In Psychology Today's blog Evolved Primate, social psychologist Daniel R. Hawes describes an experiment where wine tasters rated the same wine differently depending on how much they thought it cost. The tasters said the $90 wine was superior to the $10 wine, findings that were confirmed by fMRI scanning machines showing the activity in their brains:

When tasting the wine out of the $10 bottle, the medial orbitofrontal cortex—an area of the brain that is strongly related to experiences of pleasure—showed only very little activity. When the exact same wine was poured out of a $90 bottle however, this brain area showed levels of activation which indicate that the participants were indeed drawing much more enjoyment from the same wine this time around. In other words, the price tag seemed to have a real physiological influence on the taster's taste experience.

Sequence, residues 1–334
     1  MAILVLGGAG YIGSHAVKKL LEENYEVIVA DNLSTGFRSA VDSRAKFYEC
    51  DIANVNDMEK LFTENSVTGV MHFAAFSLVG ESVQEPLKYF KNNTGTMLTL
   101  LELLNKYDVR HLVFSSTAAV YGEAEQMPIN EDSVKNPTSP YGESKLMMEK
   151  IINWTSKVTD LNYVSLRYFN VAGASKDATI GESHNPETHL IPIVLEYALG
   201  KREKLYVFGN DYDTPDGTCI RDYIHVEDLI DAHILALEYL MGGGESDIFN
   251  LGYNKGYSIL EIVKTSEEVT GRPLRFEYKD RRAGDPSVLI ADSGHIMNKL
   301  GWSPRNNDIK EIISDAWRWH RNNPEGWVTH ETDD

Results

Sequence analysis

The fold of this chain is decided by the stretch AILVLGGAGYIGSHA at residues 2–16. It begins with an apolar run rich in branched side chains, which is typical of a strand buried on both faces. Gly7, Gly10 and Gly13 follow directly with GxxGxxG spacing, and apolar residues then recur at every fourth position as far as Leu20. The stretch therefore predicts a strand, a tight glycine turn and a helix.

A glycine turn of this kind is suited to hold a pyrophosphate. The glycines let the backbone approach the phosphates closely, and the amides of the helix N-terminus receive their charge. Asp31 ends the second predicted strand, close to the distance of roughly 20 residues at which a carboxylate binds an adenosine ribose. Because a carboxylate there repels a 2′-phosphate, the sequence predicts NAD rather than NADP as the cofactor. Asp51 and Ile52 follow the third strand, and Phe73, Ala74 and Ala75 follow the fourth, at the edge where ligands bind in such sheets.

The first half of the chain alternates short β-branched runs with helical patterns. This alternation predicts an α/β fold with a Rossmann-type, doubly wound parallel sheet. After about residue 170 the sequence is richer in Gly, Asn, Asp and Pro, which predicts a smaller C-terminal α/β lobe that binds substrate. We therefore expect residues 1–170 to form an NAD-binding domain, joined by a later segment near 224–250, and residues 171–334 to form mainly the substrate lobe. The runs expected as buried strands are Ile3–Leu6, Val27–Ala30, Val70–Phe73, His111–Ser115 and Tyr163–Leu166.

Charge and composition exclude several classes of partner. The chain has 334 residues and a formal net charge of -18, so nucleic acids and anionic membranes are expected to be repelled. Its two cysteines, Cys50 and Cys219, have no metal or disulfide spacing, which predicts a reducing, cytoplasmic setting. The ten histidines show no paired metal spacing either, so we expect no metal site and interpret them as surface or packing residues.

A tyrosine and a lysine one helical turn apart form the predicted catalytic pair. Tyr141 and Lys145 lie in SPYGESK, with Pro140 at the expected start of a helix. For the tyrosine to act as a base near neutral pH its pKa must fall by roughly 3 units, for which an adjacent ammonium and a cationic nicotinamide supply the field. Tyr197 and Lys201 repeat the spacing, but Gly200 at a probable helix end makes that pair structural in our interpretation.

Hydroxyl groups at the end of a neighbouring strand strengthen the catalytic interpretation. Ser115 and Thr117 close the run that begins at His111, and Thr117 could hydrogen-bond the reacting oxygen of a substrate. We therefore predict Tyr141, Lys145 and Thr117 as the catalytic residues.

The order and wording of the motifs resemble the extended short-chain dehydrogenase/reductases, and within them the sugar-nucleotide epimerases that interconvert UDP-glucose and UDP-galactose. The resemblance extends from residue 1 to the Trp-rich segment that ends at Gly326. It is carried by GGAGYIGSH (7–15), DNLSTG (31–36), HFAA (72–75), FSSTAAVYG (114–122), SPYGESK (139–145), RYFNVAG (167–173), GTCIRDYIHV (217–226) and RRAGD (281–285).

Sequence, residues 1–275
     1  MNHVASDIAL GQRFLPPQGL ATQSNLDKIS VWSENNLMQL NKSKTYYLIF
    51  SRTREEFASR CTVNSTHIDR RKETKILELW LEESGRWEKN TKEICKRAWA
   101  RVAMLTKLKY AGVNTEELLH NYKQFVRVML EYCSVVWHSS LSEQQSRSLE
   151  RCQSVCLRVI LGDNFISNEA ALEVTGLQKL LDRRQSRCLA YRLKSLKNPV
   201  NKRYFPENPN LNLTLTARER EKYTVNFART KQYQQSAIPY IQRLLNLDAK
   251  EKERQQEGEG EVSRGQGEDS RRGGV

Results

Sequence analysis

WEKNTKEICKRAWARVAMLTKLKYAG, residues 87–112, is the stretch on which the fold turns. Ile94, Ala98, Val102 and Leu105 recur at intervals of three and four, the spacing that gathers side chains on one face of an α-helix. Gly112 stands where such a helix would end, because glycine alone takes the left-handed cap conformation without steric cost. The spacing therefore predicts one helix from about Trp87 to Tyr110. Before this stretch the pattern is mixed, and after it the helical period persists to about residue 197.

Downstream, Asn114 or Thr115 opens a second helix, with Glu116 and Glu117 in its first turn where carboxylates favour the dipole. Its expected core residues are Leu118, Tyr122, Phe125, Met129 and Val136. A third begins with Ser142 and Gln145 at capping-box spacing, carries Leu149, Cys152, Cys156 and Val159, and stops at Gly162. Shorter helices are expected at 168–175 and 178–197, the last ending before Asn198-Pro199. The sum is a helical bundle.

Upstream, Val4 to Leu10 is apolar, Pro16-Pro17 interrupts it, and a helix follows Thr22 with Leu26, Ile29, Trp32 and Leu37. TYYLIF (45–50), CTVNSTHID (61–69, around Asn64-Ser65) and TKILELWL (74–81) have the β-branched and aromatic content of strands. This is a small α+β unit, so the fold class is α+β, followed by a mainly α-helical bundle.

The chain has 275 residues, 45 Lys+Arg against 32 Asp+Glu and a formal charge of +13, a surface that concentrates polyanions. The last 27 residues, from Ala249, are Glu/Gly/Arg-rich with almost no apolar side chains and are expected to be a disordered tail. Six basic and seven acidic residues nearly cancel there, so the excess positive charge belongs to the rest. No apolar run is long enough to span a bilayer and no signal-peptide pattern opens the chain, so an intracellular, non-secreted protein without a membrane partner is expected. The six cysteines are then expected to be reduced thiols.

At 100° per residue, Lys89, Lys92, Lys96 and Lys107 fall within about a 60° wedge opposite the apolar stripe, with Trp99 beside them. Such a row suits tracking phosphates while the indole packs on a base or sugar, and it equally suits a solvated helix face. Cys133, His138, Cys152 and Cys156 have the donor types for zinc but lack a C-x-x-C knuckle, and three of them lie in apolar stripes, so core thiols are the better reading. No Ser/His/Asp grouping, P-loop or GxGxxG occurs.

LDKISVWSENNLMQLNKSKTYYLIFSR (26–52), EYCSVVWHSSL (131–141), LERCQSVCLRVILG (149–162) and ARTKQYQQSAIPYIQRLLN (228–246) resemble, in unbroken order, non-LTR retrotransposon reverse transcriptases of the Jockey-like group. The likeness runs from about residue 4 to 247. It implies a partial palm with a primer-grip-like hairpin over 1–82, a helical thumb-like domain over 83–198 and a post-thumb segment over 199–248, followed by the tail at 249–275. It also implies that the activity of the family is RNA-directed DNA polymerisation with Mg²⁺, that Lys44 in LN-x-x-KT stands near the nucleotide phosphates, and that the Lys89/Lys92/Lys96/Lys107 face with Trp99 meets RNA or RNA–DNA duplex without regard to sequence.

Hawes points out that the placebo effect is at work here: Expecting something to taste good, perhaps under the influence of a higher price, might make it taste better than if there were no expectations. How often do you think price influences your perception of a food's deliciousness?

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